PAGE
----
D&L has been shifting to more customized and higher-margin products over the past years. These now account for 66 percent of sales compared to 48 percent four years ago, he said.
Even with signs of improvement, this did not mean that smuggling would cease to be a problem for the company, Lao admitted.
D&L, which is up about 59 percent since going public in December last year, has also been ramping up its analyst coverage. Lao said “all the big brokers know us.” The firm is covered by local houses like First Metro Investments, Campus Lanuza & Co. and COL Financial as well Maybank ATR KingEng and CLSA. Miguel R. Camus
Tycoon Andrew Tan’s Suntrust Home Developers Inc. has seen some interesting price increases in a market bereft of positive catalysts, with price per share surging from 57 centavos to P1.90 in the last three trading days. And in each of the last three days that it was asked by the PSE to explain the extraordinary action, the company said it was not aware of any material information other than what had already been disclosed.
The steep rise started on Aug. 14 when the company announced a stock rights offering entitling existing shareholders to subscribe to 2.5 new shares for every common share. The rights shares, to be offered at P1 each, will be issued from a P20-billion increase in the company’s authorized capital consisting of 20 billion common shares each.
Suntrust’s disclosure said proceeds of the rights offer “will be used to fund various investment opportunities,” which some stock pundits speculate to be a clue toward potential backdoor listing. As to whether Suntrust could indeed be the next backdoor ticket like AAI (now Bloomberry), Tanduay Holdings (LTG), Manchester (now Melco Crown Philippines) or East Asia Power Resources Corp. (now CPG), that’s the hot riddle in this ghost month. Doris Dumlao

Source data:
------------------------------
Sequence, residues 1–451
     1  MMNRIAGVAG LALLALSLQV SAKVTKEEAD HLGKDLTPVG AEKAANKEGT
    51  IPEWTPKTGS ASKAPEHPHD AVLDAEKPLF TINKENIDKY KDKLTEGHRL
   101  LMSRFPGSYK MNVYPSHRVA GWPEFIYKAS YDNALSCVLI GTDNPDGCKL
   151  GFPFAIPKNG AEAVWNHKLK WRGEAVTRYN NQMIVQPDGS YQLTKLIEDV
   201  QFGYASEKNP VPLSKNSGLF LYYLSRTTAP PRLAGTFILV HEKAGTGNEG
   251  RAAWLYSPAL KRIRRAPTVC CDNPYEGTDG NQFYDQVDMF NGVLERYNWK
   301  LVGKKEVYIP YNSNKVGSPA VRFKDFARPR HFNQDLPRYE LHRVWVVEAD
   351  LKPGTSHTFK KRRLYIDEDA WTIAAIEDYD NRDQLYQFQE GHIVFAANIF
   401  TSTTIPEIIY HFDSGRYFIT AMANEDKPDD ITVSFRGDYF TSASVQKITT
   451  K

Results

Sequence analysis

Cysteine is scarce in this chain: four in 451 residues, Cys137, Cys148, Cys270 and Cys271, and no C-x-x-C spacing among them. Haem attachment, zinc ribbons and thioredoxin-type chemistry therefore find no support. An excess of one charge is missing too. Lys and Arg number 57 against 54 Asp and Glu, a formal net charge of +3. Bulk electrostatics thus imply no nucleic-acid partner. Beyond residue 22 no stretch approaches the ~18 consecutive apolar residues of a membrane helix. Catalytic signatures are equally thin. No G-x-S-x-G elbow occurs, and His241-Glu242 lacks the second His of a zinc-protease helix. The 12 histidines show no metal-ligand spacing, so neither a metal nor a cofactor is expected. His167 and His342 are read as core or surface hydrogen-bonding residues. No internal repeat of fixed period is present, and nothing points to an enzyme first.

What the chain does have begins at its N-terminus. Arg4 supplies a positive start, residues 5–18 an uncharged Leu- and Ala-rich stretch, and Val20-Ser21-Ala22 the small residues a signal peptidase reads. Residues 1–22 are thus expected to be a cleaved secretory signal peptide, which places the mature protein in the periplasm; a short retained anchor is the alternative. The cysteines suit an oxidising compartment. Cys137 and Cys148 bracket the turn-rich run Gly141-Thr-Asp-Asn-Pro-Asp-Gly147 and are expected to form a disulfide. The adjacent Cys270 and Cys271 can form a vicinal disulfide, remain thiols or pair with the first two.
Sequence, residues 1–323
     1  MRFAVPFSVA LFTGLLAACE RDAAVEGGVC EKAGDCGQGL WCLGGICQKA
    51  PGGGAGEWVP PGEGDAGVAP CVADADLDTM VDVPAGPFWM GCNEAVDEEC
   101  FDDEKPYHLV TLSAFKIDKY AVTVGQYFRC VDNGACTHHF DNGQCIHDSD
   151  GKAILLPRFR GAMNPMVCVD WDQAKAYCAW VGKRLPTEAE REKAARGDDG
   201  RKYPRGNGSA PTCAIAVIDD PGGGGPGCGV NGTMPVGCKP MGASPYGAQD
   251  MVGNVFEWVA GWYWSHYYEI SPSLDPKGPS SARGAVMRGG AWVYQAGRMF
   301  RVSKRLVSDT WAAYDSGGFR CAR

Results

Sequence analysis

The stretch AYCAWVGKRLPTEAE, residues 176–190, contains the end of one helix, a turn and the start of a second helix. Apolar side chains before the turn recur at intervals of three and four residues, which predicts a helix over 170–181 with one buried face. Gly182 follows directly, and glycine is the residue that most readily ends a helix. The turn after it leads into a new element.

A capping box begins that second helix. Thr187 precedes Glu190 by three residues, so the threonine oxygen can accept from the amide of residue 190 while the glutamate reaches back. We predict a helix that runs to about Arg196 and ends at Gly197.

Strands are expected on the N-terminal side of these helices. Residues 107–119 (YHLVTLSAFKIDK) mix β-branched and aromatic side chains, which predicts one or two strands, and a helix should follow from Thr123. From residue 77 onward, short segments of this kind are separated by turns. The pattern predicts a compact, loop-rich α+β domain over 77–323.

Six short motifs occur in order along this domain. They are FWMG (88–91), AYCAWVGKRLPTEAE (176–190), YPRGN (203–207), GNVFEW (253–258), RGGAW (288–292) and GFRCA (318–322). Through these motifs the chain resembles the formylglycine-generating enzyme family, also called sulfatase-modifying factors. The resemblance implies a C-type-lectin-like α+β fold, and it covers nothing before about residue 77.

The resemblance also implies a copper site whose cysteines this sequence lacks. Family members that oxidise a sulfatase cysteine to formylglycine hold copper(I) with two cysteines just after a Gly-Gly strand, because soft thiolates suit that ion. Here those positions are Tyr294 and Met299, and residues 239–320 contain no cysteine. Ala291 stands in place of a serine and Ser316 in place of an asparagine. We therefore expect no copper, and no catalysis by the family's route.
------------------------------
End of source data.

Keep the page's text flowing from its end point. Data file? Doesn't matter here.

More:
San Miguel Foods Inc. has a beef with gift certificates these days, or at least the counterfeit kind that’s been flooding Monterey Meatshop outlets.
An abnormal surge in the redemption of vouchers, “particularly in the Quezon City area,” apparently got San Miguel Foods’ attention such that it checked on the gift checks and found some to be counterfeit. Alarmed, the company promptly wrote to the Department of Trade and Industry (DTI) and temporarily suspended redemption of the gift checks in all Monterey Meatshop outlets nationwide.
What to do for hapless holders of valid vouchers? San Miguel Pure Foods said they “may centrally redeem their gift checks at the Monterey Meatshop outlet in Farmers Plaza, Cubao.” Those nowhere near the Cubao area may register their name and contact number with the outlet cashier so that the company can update them via text message and e-mail on when gift checks can be redeemed.
How to tell the real deal from the fake? San Miguel Foods counts the ways:
The series numbers indicated at the bottom right of the counterfeit gift checks are not within the official series numbers released to the market.
The series numbers of the counterfeit gift checks were manually stamped resulting into an uneven, misplaced and smudged impression. The original bear clear, clean, evenly spaced printed numbers that are slightly pressed onto the paper allowing one to feel a shallow indent in the numbers when touched.
The appearance of the last digit on the counterfeit gift check is either altered or distinctly different than the rest of the numbers. Where the last number has the same print type, (font), the impression is significantly darker than the other numbers in the series.
Some counterfeit gift check samples were found to have smooth paper surfaces. The original checks are printed on embossed paper that is textured on both sides.
And so, before you buy that gift check—for yourself, perhaps at a discount from a friend or as a practical present to loved ones—remember: Buyer beware. Riza T. Olchondra